# Deflection of a strut

1. Nov 9, 2006

### dichotomy

hello all, first post here so don't bite.

if a perfect strut was compressed by an 2 imaginary point forces acting exactly on its centroid, and ignoring outside effects, would it bend laterally, and why so? when I say perfect, i mean ignore all consequences of practicality, ie. the alignment is precise to the eg. atom, and the bar is of impeccable geometry along its length.

i was having a debate about this for at least 20 minutes with someone, and I saw no good reason why it should (ignoring material failure for the moment), since the point forces acting on the centroid produce no moment/horizontal component to cause the strut to bend in such a dramatic manner.

2. Nov 9, 2006

### Pyrrhus

What? Be more clear. If one of the components of a load is perpendicular to the centroidal axis (beam, bar, slab, etc...), then there would be bending!.

Last edited: Nov 9, 2006
3. Nov 10, 2006

### FredGarvin

In your perfect example, I guess there is no real reason for the column to buckle. You would then have to deal with compressive failure. If there is no moment at the ends or eccentricity to the load and the material is perfectly homogeneous, it should be in perfect compression. I had to take a quick look back in one of my books to make sure the Euler equation for buckling is derived assuming that there is an applied moment at the end of the column.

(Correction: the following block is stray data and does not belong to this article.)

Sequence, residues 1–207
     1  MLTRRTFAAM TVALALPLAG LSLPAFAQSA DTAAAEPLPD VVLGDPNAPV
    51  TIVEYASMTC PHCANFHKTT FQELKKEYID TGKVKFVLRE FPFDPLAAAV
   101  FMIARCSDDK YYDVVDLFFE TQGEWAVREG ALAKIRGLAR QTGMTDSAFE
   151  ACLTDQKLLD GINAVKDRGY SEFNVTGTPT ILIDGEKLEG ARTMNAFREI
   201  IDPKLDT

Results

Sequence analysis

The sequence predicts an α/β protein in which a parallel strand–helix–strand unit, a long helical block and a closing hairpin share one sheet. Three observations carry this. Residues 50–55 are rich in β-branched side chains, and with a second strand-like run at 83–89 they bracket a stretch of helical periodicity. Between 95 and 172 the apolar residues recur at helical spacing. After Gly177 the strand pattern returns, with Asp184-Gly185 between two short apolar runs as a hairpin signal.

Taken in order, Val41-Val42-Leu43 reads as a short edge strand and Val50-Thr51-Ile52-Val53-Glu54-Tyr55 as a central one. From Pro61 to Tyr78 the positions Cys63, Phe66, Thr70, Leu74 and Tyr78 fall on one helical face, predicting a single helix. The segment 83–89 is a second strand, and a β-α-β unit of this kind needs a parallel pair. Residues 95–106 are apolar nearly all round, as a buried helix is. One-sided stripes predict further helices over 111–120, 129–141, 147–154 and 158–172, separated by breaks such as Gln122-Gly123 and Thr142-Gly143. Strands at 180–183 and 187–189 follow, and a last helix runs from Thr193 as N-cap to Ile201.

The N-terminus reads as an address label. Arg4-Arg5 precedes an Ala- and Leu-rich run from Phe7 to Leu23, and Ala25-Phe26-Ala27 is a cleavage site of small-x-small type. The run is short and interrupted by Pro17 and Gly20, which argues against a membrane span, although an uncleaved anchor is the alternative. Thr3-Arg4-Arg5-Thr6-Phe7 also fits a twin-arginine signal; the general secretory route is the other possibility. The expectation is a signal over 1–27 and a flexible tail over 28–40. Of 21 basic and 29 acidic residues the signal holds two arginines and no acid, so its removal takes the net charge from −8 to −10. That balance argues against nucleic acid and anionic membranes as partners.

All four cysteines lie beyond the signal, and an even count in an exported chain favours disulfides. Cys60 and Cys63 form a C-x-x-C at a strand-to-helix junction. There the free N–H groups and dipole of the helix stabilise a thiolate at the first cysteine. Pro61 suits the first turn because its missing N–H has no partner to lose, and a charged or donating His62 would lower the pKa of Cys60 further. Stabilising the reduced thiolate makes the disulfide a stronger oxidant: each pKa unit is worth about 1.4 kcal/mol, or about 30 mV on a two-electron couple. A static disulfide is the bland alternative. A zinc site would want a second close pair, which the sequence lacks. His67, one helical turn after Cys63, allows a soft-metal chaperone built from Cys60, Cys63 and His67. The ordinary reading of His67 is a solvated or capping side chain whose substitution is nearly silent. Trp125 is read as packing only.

4. Nov 13, 2006

### chief

You have to know several different things before you can answer that question.

1) end restraints (it is common to assume that both ends are pinned or free to rotate)
2) moment of inertia of the section (about both axes)
3) unbraced length of the strut in compression
4) the amount of load applied

As the strut length gets longer, the section gets smaller, or the applied load gets larger, the strut will be more likely to buckle and deflect laterally. Assuming the section is sized appropriately, it will not buckle and will not deflect lateraly.